In the 19th and early 20th centuries, the socially “ideal” woman was reserved, obedient, and dependent on her husband. Her roles were to manage the household and engage in charitable work. It was frowned upon for her to speak for herself, disagree with her spouse, and have a career.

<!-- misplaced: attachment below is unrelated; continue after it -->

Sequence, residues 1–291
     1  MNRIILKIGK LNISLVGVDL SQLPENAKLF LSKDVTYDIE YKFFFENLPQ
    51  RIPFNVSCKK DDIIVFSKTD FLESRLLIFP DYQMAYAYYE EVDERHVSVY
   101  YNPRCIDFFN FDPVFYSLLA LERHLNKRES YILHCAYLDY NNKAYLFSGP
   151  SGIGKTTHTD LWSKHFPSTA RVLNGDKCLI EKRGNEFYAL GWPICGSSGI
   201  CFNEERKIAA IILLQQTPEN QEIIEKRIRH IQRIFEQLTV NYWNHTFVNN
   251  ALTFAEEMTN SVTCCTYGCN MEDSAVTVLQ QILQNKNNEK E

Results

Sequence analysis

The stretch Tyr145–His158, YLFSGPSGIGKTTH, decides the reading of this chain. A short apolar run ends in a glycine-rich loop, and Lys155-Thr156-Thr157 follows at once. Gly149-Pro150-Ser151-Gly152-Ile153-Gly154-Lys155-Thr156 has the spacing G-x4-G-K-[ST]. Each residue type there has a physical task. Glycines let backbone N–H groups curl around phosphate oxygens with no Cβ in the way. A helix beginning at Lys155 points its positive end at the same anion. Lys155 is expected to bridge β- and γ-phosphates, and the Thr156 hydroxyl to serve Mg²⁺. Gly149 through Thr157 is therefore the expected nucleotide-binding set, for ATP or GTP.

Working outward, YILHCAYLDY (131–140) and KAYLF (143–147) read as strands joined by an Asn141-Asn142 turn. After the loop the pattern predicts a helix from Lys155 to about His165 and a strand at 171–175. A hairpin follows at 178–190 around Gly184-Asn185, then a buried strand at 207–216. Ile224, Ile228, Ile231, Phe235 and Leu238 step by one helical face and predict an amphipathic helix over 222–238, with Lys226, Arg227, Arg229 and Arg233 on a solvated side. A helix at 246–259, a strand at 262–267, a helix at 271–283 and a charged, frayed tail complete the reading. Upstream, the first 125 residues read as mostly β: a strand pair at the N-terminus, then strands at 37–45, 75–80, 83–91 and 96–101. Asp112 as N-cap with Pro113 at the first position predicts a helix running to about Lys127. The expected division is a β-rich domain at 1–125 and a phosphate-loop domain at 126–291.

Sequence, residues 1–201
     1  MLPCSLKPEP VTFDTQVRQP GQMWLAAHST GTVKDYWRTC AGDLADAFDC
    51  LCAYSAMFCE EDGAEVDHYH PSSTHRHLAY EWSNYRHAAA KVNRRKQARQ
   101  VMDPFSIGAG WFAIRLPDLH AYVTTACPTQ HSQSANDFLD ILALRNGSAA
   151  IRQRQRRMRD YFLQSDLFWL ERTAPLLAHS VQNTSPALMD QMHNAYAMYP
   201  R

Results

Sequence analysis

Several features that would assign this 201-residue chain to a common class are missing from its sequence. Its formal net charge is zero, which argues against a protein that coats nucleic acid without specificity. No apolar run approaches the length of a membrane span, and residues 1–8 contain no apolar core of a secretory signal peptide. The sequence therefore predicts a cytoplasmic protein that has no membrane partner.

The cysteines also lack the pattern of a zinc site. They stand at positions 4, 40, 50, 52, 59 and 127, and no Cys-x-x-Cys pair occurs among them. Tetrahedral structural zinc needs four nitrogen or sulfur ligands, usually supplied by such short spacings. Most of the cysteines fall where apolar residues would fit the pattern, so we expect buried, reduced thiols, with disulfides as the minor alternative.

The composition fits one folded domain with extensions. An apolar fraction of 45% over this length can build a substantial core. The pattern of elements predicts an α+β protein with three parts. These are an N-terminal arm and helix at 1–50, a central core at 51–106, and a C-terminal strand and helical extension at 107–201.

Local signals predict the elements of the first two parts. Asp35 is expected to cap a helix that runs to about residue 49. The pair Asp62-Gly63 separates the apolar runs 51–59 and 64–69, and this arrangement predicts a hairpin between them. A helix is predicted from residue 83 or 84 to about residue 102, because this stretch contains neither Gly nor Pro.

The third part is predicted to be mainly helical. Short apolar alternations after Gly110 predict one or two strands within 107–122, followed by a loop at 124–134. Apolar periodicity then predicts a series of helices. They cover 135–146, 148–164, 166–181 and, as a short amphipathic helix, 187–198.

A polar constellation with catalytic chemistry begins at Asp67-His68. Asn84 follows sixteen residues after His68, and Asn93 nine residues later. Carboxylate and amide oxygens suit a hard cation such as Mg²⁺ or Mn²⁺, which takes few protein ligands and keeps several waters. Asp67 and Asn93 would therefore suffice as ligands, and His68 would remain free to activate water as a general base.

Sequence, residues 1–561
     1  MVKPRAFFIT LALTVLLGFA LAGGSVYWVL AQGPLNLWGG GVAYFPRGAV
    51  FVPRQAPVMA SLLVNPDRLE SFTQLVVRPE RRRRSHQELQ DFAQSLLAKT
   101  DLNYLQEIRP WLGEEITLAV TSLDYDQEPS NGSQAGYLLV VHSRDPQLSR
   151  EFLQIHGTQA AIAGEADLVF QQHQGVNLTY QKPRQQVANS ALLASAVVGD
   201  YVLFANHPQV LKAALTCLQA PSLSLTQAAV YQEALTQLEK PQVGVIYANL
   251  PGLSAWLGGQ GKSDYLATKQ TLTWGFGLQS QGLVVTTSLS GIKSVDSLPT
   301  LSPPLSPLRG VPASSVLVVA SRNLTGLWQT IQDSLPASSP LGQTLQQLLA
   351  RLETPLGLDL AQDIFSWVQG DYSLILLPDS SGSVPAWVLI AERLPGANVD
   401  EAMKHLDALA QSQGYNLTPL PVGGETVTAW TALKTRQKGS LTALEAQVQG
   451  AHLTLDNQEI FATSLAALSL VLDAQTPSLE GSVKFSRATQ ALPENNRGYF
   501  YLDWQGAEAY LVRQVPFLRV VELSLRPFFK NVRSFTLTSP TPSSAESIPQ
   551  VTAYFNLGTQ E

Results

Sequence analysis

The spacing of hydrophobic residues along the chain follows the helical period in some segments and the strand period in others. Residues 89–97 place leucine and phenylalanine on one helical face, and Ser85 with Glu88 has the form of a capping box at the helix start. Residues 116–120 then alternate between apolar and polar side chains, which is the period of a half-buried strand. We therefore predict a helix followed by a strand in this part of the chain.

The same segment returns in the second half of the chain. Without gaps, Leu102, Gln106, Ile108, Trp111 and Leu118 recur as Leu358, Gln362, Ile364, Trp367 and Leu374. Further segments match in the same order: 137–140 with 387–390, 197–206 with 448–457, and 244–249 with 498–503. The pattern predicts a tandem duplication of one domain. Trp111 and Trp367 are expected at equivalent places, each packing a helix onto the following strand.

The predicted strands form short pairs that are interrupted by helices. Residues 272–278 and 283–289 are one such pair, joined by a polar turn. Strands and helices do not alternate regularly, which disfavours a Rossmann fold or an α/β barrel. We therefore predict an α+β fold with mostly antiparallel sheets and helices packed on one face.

Emmeline Pankhurst, a British political activist, challenged these social values in 1913. She targeted middle class men with the document “Militant Suffrage”, in which she explained why they should treat women differently. She advocated women’s suffrage, and explained that women were “in pursuit of liberty and the power to do useful public service”. She referred to the social struggle for women as “our civil war”.